21 March 2001
Ms Jo Lim
auDA Name Policy Advisory Panel
Australian Domain Administration Limited
GPO Box 1545P
MELBOURNE VICTORIA 3001
Dear Ms Lim,
Re: Submission to Name Policy Advisory Panel
Further to the Second Public Consultation Report released by the Name Advisory Panel, (online at http://www.auda.org.au/panel/name/papers/publicreport2.html), Electronic Frontiers Australia Incorporated ("EFA") makes the following submission.
Generally, EFA supports the recommendations of the Panel, particularly in view of the process of consultation involving a number of industry participants, Internet associations and end-users. However, EFA is concerned that commercial and regulatory interests should not overshadow the aspirations of end users to have their choice of domain name. To this end, EFA would oppose the following recommendations:
(a) Recommendation 3.1.3(e)(i) does not distinguish between two different types of speculation in domain names - in our view there is an important distinction to be made between applying for a name with the intention of on-selling it to a particular owner (e.g. woolworths.com.au) and to a potential class of owner (e.g. widgets.com.au). The former may be considered an intrusion on the rights of a true owner, the latter is by no means fraudulent and should be permitted. As the WIPO panel ruled in John Fairfax Publications Pty Ltd v Domain Names 4U "registering generic names, even with the sole intent of reselling them, is a legitimate business activity".
(b) Recommendation 4.3.3 is absurd, given that vulgarity is no longer unlawful (following a series of leading cases in several States). This recommendation shows both social and generational bias, and ignores that certain "objectionable" names may nonetheless have an appropriate context. In any event, there is no community consensus as to whether there is a list of "objectionable" words and if so what permutations and variations on these should be prohibited. This recommendation is flawed insofar as it adds a validation process for registrations without giving a criterion that is unambiguous and supported across existing 2LDs. While the report opines that "the use of objectionable terms is regulated in other social contexts", it does not acknowledge that modern criminal law does not regulate mere words, and even the Australian Broadcasting Authority's controls over Internet Content does not seek to place so-called "objectionable" words behind any Restricted Access System. To clarify this point, the Office of Film and Literature Classification has provided guidelines for classification of material (including Internet Content) which is online at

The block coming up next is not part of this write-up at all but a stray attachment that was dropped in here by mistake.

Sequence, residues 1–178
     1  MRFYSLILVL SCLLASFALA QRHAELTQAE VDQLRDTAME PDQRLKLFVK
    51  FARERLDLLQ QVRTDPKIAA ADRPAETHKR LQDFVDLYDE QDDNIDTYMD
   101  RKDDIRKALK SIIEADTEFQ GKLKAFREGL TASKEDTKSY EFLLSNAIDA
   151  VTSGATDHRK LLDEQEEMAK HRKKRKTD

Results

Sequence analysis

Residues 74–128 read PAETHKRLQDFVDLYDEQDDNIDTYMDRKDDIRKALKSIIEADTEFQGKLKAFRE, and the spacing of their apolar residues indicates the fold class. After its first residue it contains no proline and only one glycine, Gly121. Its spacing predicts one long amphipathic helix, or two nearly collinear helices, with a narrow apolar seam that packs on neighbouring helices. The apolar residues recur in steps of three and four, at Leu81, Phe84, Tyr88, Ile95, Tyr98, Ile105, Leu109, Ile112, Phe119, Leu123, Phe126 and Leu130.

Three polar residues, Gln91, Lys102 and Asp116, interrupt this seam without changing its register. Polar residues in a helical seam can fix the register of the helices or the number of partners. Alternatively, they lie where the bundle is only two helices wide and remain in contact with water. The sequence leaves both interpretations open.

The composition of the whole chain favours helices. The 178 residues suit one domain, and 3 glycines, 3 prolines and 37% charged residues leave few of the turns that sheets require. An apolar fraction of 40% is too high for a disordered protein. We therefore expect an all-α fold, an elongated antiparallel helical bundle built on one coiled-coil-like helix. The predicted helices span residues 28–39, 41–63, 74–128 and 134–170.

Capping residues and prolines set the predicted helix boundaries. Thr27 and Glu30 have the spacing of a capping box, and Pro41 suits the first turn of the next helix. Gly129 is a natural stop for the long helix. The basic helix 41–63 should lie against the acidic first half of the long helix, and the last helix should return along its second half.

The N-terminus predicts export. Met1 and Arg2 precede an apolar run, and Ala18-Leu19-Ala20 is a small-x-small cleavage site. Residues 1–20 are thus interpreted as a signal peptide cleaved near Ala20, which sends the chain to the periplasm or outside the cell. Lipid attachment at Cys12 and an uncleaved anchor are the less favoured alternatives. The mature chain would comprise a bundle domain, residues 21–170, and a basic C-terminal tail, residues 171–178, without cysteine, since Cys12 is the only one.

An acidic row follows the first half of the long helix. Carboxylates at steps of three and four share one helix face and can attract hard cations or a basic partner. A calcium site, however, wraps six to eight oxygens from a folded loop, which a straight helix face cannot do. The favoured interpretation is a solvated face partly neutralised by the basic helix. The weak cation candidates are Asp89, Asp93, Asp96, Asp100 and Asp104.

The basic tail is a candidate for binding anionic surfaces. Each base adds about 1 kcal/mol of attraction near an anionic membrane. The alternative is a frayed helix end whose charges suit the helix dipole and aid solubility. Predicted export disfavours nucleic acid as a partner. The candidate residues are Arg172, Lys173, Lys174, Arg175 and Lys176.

(i) Coarse language:
At G level, this might include 'bloody' or 'bugger'.
At PG level, it might include 'shit'.
At M, it includes 'fuck'.
(c) The proposed identification requirements for the id.au registry are unduly onerous, requiring proof of identity by collateral evidence rather than simply a declaration. This contrasts unfavourably with the requirements for registration of .com.au names, which may be done on the production of an ABN number. Accordingly, EFA would submit that declaration without the need for collateral evidence should be permitted for registrations within id.au.
Finally, while EFA accepts that adherence to a Uniform Dispute Resolution Policy is preferable to resorting to traditional legal causes of action in domain name disputes, such a policy should not give commercial interests primacy over personal interests. EFA would support a UDRP provided that the basis for decision was bona fides rather than existence of commercial registration.
Chairman, Electronic Frontiers Australia Inc
21st March, 2001